Following a devastating high school shooting at Parkland, Florida’s Stoneman Douglas High School last week–when 17 kids were killed by a student with a AR-15 rifle–CNN gathered local parents, students, and their state representatives for a live broadcasted Town Hall. Congressman Ted Deutch, Sen. Bill Nelson, and Sen. Marco Rubio were questioned directly by the student survivors that have been actively challenging the government in the news and in protest on issues of gun control and student safety in the wake of the incident.
During the two hour meeting, Florida’s representatives feet were held to the fire over their failures to prevent mass murders like this, but none more than Marco Rubio, who has taken millions in donations from the NRA since his first year as a senator. Fred Guttenberg, whose daughter was killed in the shooting, asked an especially significant request of Rubio. “Look at me and tell me guns were the factor in the hunting of our kids,” he said to the senator. “And that you will work with us to do something about guns.” To this, Rubio responded that if he “believed a law [banning assault rifles] would’ve prevented the murders” he would support it but that he couldn’t say that.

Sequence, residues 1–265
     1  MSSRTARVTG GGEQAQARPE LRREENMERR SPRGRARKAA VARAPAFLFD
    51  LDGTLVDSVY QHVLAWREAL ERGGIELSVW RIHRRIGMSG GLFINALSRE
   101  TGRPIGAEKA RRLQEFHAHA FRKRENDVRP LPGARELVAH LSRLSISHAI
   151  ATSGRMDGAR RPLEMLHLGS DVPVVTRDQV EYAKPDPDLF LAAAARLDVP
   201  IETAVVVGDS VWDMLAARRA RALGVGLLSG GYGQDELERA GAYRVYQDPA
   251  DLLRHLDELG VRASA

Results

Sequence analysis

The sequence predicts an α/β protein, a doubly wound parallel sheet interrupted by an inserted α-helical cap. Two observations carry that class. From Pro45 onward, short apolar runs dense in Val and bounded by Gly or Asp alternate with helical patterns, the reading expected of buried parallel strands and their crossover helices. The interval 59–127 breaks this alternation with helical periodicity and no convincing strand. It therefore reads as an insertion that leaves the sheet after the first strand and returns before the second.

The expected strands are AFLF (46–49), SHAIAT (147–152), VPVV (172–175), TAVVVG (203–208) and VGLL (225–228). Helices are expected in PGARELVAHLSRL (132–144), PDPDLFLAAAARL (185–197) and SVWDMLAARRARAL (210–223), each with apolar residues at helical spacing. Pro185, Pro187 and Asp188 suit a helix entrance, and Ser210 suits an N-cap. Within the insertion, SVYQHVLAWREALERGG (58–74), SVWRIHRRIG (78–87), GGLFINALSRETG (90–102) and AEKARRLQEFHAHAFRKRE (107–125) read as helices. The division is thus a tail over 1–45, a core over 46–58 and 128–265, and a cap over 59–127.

Multiple students who survived the attack also asked Rubio to come out and say that there’s no reason that high magazine guns should be available to the public, with a student named Cameron Kasky asking Rubio directly, “Can you tell me right now that you will not accept a single donation from the NRA?” Despite the impassioned statements delivered and anger in the air, Rubio stuck to his major talking points and dodged a direct answer. Instead, he said he “supports the second amendment,” and suggested that “gun violence restraining order” laws and higher age limits for buying rifles were the solutions at hand. He unconvincingly doubled-down by saying organizations like the NRA “buy into his agenda” for gun safety and refused to acknowledge the calls for the elimination of assault rifles outright.
Rubio’s awkward handling of the student’s questions were met mostly by jeers and ire from the audience, with the young students calling him “weak” and “pathetically weak” on this issue. By the end, the senator was willing to say that he’d like to consider the ideas brought forth by the students while reassuring them that democracy can still work. Rubio was a politician in a crowd that wanted a human being, and for that he seemed to crash and burn.
Watch video of Kasky and Rubio at the town hall below: